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Front Microbiol. 2019 Apr 24;10:869. doi: 10.3389/fmicb.2019.00869. eCollection 2019.

Anti-pseudomonad Activity of Manuka Honey and Antibiotics in a Specialized ex vivo Model Simulating Cystic Fibrosis Lung Infection.

Author information

1
Department of Biomedical Sciences, Cardiff School of Health Sciences, Cardiff Metropolitan University, Cardiff, United Kingdom.
2
Swansea University Medical School, Swansea University, Swansea, United Kingdom.
3
School of Dentistry, College of Biomedical and Life Sciences, Cardiff University, Cardiff, United Kingdom.

Abstract

Pseudomonas aeruginosa causes problematic chronic lung infections in those suffering from cystic fibrosis. This is due to its antimicrobial resistance mechanisms and its ability to form robust biofilm communities with increased antimicrobial tolerances. Using novel antimicrobials or repurposing current ones is required in order to overcome these problems. Manuka honey is a natural antimicrobial agent that has been used for many decades in the treatment of chronic surface wounds with great success, particularly those infected with P. aeruginosa. Here we aim to determine whether the antimicrobial activity of manuka honey could potentially be repurposed to inhibit pulmonary P. aeruginosa infections using two ex vivo models. P. aeruginosa isolates (n = 28) from an international panel were tested for their susceptibility to manuka honey and clinically relevant antibiotics (ciprofloxacin, ceftazidime, and tobramycin), alone and in combination, using conventional antimicrobial susceptibility testing (AST). To increase clinical applicability, two ex vivo porcine lung (EVPL) models (using alveolar and bronchiolar tissue) were used to determine the anti-biofilm effects of manuka honey alone and in combination with antibiotics. All P. aeruginosa isolates were susceptible to manuka honey, however, varying incidences of resistance were seen against antibiotics. The combination of sub-inhibitory manuka honey and antibiotics using conventional AST had no effect on activity against the majority of isolates tested. Using the two ex vivo models, 64% (w/v) manuka honey inhibited many of the isolates where abnormally high concentrations of antibiotics could not. Typically, combinations of both manuka honey and antibiotics had increased antimicrobial activity. These results highlight the potential of manuka honey as a future antimicrobial for the treatment of pulmonary P. aeruginosa isolates, clearing potential infection reservoirs within the upper airway.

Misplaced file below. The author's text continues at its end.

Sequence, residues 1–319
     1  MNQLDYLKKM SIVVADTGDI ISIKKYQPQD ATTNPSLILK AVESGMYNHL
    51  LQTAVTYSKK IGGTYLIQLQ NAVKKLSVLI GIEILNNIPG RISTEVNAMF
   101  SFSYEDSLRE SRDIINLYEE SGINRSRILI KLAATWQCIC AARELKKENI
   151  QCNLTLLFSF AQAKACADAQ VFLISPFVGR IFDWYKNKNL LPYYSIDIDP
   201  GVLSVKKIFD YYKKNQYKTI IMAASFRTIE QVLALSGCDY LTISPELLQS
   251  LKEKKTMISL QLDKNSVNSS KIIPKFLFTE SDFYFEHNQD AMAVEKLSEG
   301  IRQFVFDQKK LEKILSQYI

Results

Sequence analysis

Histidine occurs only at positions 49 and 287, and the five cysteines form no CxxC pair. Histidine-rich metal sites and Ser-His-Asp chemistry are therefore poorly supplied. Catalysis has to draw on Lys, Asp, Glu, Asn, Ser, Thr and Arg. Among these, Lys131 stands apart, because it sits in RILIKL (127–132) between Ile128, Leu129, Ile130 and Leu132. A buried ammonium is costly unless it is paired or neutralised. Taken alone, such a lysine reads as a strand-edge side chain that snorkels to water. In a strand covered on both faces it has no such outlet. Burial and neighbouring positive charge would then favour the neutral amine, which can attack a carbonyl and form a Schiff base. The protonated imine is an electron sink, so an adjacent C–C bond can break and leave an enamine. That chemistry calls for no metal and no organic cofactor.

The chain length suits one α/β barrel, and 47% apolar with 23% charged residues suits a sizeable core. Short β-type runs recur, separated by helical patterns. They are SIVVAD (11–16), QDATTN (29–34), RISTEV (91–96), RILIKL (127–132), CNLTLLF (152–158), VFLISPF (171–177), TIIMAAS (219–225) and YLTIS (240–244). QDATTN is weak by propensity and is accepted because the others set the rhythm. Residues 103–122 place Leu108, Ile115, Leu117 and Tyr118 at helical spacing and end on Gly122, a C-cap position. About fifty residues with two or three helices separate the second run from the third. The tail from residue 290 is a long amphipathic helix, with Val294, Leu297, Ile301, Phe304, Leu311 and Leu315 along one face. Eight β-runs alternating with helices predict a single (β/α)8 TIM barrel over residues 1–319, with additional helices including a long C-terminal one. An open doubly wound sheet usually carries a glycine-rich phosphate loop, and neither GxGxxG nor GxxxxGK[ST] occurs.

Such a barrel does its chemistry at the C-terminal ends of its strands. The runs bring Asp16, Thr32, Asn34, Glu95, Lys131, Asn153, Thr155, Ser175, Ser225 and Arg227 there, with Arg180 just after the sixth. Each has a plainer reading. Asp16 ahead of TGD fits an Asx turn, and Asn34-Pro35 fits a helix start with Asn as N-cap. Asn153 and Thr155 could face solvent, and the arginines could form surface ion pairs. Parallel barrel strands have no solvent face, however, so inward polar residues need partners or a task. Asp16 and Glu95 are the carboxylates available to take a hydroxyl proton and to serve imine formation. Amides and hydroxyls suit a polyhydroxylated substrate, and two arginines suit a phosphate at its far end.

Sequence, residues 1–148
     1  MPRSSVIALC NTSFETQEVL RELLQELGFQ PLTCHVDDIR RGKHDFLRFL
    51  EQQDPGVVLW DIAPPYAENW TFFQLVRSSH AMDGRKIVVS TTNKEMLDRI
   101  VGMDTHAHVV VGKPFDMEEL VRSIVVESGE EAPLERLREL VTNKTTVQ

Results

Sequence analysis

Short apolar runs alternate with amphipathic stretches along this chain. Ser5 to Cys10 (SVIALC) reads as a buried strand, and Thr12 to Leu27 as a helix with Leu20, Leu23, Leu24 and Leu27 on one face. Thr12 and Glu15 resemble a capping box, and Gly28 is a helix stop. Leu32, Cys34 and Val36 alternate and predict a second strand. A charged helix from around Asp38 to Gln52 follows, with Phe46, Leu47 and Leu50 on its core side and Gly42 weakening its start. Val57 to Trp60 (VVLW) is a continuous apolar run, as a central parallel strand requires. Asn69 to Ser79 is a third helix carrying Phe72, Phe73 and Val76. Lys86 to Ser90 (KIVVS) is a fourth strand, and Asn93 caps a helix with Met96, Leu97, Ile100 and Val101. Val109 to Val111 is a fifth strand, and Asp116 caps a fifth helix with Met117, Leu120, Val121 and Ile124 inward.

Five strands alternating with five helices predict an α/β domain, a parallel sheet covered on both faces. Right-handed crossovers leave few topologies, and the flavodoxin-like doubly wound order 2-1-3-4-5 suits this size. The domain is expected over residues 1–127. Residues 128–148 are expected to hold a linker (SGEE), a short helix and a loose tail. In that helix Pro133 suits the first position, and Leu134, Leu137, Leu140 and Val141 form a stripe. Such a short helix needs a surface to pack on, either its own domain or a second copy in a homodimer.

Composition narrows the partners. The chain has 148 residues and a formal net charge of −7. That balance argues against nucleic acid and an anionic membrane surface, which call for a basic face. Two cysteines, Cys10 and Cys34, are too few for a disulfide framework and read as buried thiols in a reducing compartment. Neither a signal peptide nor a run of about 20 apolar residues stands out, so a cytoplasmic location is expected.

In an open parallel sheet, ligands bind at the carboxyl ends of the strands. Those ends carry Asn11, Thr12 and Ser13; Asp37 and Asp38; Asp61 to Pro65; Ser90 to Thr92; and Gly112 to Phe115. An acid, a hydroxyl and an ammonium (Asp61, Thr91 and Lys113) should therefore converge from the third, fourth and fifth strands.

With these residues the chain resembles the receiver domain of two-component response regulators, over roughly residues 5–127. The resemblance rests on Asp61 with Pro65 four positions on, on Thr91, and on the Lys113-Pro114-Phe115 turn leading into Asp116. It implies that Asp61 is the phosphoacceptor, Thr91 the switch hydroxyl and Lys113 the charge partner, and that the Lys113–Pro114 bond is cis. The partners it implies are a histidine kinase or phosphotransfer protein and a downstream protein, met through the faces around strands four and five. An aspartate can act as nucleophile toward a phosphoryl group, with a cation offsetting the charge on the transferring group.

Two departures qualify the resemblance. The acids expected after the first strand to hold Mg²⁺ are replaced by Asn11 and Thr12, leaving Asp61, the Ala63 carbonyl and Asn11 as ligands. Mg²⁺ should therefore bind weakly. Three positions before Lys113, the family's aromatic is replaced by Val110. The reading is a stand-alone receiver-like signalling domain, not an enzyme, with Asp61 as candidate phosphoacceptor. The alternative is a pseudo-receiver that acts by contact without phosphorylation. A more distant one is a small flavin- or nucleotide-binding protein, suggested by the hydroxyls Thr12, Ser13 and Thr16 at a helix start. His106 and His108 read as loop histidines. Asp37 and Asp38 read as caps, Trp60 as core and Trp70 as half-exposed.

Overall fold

KEYWORDS:

Pseudomonas aeruginosa; antimicrobial susceptibility testing; biofilms; cystic fibrosis; ex vivo model; manuka honey

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